The past is not dead.  In fact, it’s not even past.
– William Faulkner

St. Louis, because of its rich history and dense, old world-esque street grid, deserves much more. We believe this can be accomplished by developing a mix of heritage destinations supported by urban village amenities. Here are some ideas to get the ball rolling:

Heritage Destinations

Confluence Blues Museum & Peetie Wheatstraw’s Saloon

Detail: Imagine a small-scale museum full of R&B relics and information blended with a throwback saloon built on the scholarship of Devil at the Confluence by Kevin Belford and the notion that the cradle of blues music may have actually been the levee at St. Louis.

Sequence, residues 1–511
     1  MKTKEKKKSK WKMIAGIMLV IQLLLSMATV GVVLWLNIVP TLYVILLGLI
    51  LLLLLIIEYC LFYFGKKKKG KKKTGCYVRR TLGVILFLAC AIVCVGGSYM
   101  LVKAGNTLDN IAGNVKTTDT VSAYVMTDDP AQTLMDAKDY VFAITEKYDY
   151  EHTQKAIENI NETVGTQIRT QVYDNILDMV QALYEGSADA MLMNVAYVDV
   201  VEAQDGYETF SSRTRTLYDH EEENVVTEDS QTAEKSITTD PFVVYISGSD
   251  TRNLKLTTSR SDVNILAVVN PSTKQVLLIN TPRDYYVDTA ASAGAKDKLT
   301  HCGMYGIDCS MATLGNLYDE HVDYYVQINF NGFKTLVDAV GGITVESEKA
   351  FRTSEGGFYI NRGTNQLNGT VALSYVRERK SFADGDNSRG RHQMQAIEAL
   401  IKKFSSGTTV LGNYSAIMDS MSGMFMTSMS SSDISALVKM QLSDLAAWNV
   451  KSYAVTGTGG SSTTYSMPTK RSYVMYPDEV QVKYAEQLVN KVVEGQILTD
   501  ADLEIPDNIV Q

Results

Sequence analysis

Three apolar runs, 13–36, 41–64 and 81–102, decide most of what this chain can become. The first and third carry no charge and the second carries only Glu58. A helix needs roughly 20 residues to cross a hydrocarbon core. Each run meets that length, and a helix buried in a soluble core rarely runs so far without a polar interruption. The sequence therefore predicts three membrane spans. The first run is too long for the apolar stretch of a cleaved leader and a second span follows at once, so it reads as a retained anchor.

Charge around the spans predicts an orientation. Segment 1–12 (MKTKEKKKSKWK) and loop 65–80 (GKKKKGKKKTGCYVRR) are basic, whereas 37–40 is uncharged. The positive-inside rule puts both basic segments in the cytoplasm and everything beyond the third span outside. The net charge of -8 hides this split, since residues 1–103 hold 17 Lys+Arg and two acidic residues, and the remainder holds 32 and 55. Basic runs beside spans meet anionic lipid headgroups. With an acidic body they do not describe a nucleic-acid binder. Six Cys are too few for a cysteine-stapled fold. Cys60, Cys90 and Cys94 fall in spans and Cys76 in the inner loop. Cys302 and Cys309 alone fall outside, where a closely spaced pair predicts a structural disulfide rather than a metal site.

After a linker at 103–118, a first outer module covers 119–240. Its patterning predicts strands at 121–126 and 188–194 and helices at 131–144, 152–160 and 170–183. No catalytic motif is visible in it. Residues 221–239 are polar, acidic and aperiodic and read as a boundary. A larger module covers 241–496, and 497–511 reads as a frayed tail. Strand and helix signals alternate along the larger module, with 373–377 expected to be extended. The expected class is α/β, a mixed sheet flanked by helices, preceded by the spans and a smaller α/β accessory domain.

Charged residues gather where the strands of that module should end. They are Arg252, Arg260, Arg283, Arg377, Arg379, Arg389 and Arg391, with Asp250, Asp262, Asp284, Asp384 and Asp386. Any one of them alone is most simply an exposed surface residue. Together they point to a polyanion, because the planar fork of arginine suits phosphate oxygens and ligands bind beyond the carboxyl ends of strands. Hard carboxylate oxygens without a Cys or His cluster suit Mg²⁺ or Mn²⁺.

Vision: Two levels featuring a small interactive museum detailing local contributions/bluesmen, art and old school photography/video footage highlighting STL blues influentials/history and STL’s primacy in the development of Blues/Rock history. A saloon with small venue (basement) featuring traditional acts like Big George Brock, and Bluesmen of the future like Marquise Knox.  Museum will build on current exhibit @ the Sheldon that a needs permanent home and additional artifacts.

Potential Offshoots: Blues Heritage Trail — a short tour that provides info markers connected by trailsto famous sites in blues history (example: 11th/Morgan – location of the incident that inspired one of the
most famous songs in blues history “Stagger Lee”). The trail would be a great way to pick up additional